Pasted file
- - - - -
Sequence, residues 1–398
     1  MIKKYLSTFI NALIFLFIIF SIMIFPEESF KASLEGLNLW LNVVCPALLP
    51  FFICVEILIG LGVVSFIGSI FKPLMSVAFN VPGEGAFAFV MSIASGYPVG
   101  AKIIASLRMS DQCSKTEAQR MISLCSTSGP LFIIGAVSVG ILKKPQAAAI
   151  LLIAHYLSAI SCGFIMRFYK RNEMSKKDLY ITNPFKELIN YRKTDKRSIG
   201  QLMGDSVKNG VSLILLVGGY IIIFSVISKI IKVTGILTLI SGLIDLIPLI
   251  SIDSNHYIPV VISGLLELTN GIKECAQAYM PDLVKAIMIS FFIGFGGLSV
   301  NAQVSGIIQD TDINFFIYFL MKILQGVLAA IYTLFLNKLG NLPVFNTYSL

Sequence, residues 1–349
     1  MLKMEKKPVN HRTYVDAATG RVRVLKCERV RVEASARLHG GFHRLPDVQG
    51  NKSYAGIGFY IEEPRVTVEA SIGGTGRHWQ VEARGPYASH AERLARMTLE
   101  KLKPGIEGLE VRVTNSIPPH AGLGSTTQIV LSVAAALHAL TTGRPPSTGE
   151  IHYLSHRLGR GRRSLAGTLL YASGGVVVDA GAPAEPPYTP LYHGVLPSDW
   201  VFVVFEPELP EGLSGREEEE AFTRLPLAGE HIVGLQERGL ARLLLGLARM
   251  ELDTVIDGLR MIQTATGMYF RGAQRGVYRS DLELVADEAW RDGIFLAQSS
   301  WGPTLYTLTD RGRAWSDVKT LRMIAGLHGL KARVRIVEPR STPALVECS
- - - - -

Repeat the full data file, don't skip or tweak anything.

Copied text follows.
Sequence, residues 1–398
     1  MIKKYLSTFI NALIFLFIIF SIMIFPEESF KASLEGLNLW LNVVCPALLP
    51  FFICVEILIG LGVVSFIGSI FKPLMSVAFN VPGEGAFAFV MSIASGYPVG
   101  AKIIASLRMS DQCSKTEAQR MISLCSTSGP LFIIGAVSVG ILKKPQAAAI
   151  LLIAHYLSAI SCGFIMRFYK RNEMSKKDLY ITNPFKELIN YRKTDKRSIG
   201  QLMGDSVKNG VSLILLVGGY IIIFSVISKI IKVTGILTLI SGLIDLIPLI
   251  SIDSNHYIPV VISGLLELTN GIKECAQAYM PDLVKAIMIS FFIGFGGLSV
   301  NAQVSGIIQD TDINFFIYFL MKILQGVLAA IYTLFLNKLG NLPVFNTYSL

Sequence, residues 1–349
     1  MLKMEKKPVN HRTYVDAATG RVRVLKCERV RVEASARLHG GFHRLPDVQG
    51  NKSYAGIGFY IEEPRVTVEA SIGGTGRHWQ VEARGPYASH AERLARMTLE
   101  KLKPGIEGLE VRVTNSIPPH AGLGSTTQIV LSVAAALHAL TTGRPPSTGE
   151  IHYLSHRLGR GRRSLAGTLL YASGGVVVDA GAPAEPPYTP LYHGVLPSDW
   201  VFVVFEPELP EGLSGREEEE AFTRLPLAGE HIVGLQERGL ARLLLGLARM
   251  ELDTVIDGLR MIQTATGMYF RGAQRGVYRS DLELVADEAW RDGIFLAQSS
   301  WGPTLYTLTD RGRAWSDVKT LRMIAGLHGL KARVRIVEPR STPALVECS